Source: http://golf.com

MATSUYAMA CLOSED LIKE A SUPERSTAR

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Matsuyama grabbed his eighth career PGA Tour victory with a shocking eagle

Russell Henley shot 23 under at the 2022 Sony Open this week, finishing in the top three in the field in putting, iron play and strokes gained from tee to green … and somehow did not win. That’s because Hideki Matsuyama shot 63-63 on the weekend and hit the shot of the season on the first hole of a playoff for the eighth – and perhaps most exciting – win of his PGA Tour career.

Rewind to the turn in Sunday’s final round. Henley took a commanding five-stroke lead to the second nine. Data Golf said his chances of winning at that moment were about 97%. It was not a foregone conclusion because nothing in golf is a foregone conclusion, but as far as sure bets go, it was up there.

Henley played the next nine holes in 1 over after touching the edge of the cup with putts on two of the last three holes. Nothing fell. He’d torched the golf course for 63 straight holes with at least two birdies or eagles on every previous nine-hole stretch. He made none over the final nine. Matsuyama played them in 4 under, including a birdie at the 72nd hole, to tie the tournament at 23 under and send it into bonus holes.

In the playoff, Henley drove one into a bunker. After getting out of trouble but with work to do to make birdie at the par-5 finisher – which was also being used as the first hole of the playoff – Henley looked to be fighting an uphill battle. Matsuyama could control the tournament by finding the green and two-putting for birdie. So of course he blistered a 3-wood from 276 yards to 32 inches for eagle to win the event.

It will go down as one of the 10 best shots of the entire season.

For Henley, it was a dagger in what had otherwise been such a tremendous week. He was trying to bookend his 2013 victory at this tournament with another one, which would have been the fourth of his underrated career. He did everything right, but he still couldn’t close out the reigning Masters champion.

There was good reason for that, too. Matsuyama is obviously a menace from tee to green, and he was again this week at Waialae Country Club. But the bigger problem for Henley was that Matsuyama led the field in putting for the first time in his career. He gained nearly half of his strokes on the greens, which is always going to be a problem for everyone else.

For Matsuyama, it’s the latest addition to an underrated résumé that includes two WGC victories, a Memorial win, two Phoenix Opens, a Zozo Championship in his home country of Japan and that famous Masters triumph last April. He’s earned over $37 million in his career and has essentially been a top-10 player in the world for the last seven years.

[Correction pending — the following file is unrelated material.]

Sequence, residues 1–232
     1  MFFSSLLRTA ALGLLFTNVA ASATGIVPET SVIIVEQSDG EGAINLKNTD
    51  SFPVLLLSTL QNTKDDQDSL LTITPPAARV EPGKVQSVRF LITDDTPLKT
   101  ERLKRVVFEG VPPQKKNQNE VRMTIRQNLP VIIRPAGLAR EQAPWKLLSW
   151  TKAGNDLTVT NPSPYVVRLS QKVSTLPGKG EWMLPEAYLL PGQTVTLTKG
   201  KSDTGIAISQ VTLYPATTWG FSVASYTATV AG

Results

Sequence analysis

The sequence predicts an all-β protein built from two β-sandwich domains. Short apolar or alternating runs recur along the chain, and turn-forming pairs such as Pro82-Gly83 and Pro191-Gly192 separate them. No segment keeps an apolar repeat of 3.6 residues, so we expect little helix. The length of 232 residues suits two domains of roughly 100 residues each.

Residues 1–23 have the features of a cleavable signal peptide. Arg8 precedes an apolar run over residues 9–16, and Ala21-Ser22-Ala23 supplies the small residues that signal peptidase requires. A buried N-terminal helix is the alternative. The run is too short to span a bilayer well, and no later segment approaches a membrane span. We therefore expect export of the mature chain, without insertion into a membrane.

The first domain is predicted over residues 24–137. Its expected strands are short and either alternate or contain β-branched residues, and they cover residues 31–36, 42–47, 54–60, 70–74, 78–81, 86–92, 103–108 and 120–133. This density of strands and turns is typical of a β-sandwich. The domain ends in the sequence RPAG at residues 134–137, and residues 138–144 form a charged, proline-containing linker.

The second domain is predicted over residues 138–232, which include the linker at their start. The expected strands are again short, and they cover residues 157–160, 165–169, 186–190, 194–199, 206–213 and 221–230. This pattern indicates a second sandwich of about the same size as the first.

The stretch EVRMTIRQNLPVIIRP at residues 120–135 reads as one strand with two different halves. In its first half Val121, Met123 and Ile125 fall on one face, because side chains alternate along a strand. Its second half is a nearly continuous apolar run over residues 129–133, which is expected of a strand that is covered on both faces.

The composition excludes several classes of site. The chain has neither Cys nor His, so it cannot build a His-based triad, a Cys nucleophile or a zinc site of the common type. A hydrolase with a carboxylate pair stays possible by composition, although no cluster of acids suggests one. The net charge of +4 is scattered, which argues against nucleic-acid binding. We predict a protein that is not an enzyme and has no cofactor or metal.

It’s easy for Matsuyama to get a bit lost in the shuffle when Jon Rahm, Justin Thomas and Jordan Spieth are swiping headlines, but he’s accomplished all of this before the age of 30, which both goes unnoticed and should be celebrated more than it is. This win ties him with K.J. Choi for the most all-time by an Asian-born player (8). Matsuyama has played just 203 official PGA Tour events, while Choi has played nearly 500 (though he won his eight in the first 300).

This was a terrific week for the PGA Tour, too. The week after the scoring record was reset at the Tournament of Champions, two perennially underrated golfers combined to shoot a best-ball 59 on Sunday with the tournament on the line, and the shot of the year was struck in a sleepy week with a below-average field. Another star built his narrative and his résumé with several big-time events just around the corner. If that’s what a mediocre weeks look like, imagine what the good ones are going to hold the rest of the year.

This is how it goes in golf, though. You never know when you’re going to see one of the great shots of the last few years. You never know when a run-of-the-mill golf tournament is going to deliver the finish of the season. You never know when the Masters champ is going to close like the superstar he is.

SOURCE: cbssports.com

THANKSGIVING BUFFET AT FOX RIDGE

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Let us do the cooking for you and your family this year on Thanksgiving. We have a Thanksgiving Buffet with all of the traditional favorites planned from 11 am – 5 pm on November 25, 2021. Spots will fill up fast so RSVP to secure your spot today. Call us at (319) 989-2213 by Monday, November 22, to make a reservation.

SEASON PASS DISCOUNTS NOW THROUGH DECEMBER 31

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Now’s the time to buy your 2022 season pass at Fox Ridge. We have several discounts for you to take advantage of when deciding on purchasing your season pass.